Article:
Flash may have fallen out of favor in recent years, but AMD is betting on a resurgence of the technology with the prediction that Flash games will equal their console counterparts in quality within the twelve months. The chip manufacturer made the ambitious prediction at the launch of the new AMD Trinity, the company's latest APU (Accelerated Processing Unit) that delivers, among other things, hardware-accelerated Flash support.
It's that hardware support for Adobe's little-loved technology that AMD believes will make all the difference to gamers. Currently, Flash titles are generally more along the lines of casual games, with anything more graphically intense or complex bogging down on all but the most powerful of PCs.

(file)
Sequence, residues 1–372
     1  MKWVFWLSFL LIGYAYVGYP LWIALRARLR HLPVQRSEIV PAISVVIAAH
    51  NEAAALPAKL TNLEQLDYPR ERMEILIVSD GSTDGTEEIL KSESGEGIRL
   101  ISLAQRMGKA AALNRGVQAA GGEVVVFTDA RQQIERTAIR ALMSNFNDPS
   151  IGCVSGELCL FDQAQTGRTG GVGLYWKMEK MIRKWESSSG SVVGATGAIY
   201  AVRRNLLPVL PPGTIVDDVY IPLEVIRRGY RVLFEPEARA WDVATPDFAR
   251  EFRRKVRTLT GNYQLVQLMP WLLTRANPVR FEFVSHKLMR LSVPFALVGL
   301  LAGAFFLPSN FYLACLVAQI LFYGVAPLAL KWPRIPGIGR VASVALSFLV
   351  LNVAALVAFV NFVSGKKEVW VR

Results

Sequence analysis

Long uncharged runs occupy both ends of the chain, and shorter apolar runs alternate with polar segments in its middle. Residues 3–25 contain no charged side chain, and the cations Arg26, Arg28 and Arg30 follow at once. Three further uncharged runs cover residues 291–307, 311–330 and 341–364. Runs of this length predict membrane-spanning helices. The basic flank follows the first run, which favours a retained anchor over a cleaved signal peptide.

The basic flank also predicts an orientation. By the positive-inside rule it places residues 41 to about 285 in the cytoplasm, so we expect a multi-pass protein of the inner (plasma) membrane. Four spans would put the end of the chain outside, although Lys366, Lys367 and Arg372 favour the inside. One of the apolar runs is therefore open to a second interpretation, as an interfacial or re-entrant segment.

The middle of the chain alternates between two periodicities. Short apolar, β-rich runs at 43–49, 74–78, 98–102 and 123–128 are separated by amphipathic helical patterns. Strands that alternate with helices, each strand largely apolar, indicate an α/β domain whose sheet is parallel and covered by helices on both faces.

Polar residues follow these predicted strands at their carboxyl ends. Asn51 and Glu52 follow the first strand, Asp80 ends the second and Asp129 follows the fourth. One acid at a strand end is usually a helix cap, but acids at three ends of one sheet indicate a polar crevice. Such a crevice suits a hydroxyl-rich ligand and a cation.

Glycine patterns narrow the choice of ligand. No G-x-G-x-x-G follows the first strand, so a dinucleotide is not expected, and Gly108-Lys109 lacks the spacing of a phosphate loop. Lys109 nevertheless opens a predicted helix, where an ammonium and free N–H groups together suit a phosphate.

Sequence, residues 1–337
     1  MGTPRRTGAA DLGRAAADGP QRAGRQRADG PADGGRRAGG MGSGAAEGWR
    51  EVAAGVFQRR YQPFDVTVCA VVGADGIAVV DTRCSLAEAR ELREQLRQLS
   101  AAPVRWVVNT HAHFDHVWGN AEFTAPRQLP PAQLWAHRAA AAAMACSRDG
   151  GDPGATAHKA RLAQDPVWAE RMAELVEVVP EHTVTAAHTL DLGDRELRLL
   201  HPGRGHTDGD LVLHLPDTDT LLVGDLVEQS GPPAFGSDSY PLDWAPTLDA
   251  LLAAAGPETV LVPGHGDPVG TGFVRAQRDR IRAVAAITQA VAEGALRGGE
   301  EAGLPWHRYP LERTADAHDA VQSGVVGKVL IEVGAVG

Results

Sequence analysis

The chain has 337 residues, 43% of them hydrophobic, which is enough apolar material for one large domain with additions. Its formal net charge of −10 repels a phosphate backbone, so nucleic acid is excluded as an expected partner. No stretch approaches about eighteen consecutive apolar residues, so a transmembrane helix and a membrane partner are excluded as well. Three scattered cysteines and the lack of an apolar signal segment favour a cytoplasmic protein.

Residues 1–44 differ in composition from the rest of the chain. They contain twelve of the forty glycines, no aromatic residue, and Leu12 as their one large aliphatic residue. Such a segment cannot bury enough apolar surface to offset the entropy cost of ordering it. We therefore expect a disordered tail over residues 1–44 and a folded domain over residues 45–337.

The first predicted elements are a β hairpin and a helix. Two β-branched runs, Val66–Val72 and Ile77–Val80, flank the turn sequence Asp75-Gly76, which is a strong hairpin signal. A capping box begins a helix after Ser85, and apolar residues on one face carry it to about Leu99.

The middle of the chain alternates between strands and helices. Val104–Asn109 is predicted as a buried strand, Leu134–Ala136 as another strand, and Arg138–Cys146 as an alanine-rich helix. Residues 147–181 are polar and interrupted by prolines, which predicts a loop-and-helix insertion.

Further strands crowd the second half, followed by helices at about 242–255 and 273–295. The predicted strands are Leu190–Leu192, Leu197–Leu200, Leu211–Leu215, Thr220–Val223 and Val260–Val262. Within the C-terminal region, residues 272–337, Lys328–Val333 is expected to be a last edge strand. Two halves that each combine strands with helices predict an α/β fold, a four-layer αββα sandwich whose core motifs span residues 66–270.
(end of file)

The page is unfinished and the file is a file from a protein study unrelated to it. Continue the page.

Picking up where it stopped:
Trinity promises to change all that, with its second-gen APU architecture delivering twice the performance per Watt of last-gen Llano chips. That means regular games play faster too, and with more graphical details: Crysis 3, for instance, is supposedly 1.4x faster on Trinity than on the corresponding Intel Ivy Bridge processor.
Of course, AMD can add all the hardware support it likes, but it's dependent on software developers to actually push the limits of Flash gaming. The processor company is hedging its bets, though; Trinity also supports hardware acceleration for HTML5.